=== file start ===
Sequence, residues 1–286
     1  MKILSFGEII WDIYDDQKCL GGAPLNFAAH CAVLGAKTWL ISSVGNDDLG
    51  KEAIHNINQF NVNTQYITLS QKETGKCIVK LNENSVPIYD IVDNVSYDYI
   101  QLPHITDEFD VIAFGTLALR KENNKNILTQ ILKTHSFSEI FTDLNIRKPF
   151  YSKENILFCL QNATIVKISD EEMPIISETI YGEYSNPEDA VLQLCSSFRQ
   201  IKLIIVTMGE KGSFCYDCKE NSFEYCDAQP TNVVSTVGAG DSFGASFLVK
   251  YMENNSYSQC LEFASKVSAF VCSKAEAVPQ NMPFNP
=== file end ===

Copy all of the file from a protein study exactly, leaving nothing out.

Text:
Sequence, residues 1–286
     1  MKILSFGEII WDIYDDQKCL GGAPLNFAAH CAVLGAKTWL ISSVGNDDLG
    51  KEAIHNINQF NVNTQYITLS QKETGKCIVK LNENSVPIYD IVDNVSYDYI
   101  QLPHITDEFD VIAFGTLALR KENNKNILTQ ILKTHSFSEI FTDLNIRKPF
   151  YSKENILFCL QNATIVKISD EEMPIISETI YGEYSNPEDA VLQLCSSFRQ
   201  IKLIIVTMGE KGSFCYDCKE NSFEYCDAQP TNVVSTVGAG DSFGASFLVK
   251  YMENNSYSQC LEFASKVSAF VCSKAEAVPQ NMPFNP